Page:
“The Interior Department will address the intergenerational impact of Indian boarding schools to shed light on the unspoken traumas of the past, no matter how hard it will be,” Haaland said in a statement announcing the initiative. “I know that this process will be long and difficult. I know that this process will be painful. It won’t undo the heartbreak and loss we feel. But only by acknowledging the past can we work toward a future that we’re all proud to embrace.”
The work of finding the remains is itself painful, as Small can attest. She said the emotional impact of being at the burial sites and discovering unidentified bones — often of young children — can be overwhelming.
“I will lose the train of thought immediately,” Small said, as she recalled standing in the Chemawa cemetery searching for remains. “It is daunting and it’s so soul-impacting. And if you’re not impacted by it, then maybe you’re in the wrong area.”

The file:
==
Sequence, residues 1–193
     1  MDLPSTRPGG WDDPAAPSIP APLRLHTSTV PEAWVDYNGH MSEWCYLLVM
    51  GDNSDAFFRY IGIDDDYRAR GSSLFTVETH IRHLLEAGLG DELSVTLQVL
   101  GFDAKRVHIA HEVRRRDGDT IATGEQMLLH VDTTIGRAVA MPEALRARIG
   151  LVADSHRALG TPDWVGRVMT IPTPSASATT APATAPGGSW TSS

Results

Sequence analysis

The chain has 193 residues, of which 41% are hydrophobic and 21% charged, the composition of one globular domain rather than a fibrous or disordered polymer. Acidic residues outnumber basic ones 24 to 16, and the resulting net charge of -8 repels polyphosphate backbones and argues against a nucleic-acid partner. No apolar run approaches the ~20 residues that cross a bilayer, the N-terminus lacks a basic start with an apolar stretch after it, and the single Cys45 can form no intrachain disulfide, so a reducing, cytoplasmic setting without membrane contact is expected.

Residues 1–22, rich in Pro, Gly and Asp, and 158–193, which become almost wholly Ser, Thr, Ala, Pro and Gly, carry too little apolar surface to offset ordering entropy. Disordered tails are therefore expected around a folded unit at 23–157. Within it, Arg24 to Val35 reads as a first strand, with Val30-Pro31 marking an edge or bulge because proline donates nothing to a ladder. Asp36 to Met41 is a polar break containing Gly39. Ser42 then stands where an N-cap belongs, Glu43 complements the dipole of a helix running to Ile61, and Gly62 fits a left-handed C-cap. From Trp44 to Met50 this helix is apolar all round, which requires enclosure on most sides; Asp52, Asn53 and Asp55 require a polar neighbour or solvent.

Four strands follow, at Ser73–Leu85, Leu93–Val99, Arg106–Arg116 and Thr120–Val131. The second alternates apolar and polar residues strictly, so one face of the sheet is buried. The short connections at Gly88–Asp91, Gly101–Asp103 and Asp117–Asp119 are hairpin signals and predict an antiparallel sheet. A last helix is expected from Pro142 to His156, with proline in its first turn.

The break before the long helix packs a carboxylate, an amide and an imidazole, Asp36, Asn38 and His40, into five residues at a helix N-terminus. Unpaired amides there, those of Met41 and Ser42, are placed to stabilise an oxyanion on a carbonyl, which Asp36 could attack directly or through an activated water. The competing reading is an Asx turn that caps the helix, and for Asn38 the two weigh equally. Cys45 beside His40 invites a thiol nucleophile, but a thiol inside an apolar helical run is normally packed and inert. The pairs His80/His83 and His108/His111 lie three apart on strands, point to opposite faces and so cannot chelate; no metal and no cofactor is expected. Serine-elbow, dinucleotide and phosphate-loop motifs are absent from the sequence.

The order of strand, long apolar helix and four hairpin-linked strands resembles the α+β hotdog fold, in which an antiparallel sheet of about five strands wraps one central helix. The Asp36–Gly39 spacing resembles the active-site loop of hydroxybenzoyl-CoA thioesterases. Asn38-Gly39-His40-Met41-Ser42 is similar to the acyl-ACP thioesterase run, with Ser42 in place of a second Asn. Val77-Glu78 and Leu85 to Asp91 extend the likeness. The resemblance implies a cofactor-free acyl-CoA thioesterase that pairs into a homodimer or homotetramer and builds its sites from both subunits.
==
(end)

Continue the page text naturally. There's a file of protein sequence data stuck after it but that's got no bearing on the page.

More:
Small discovered 222 sets of remains at Chemawa. That’s more than the 208 she said the federal government had documented at the school cemetery.
But that’s only one problem. Small said other than one row of graves, the grave markers and the locations of remains don’t match up. She noted her radar technology could only penetrate one meter into the ground, leaving her to suspect there are more remains buried farther down, that she’s hoping to find when she returns to the Salem campus in September.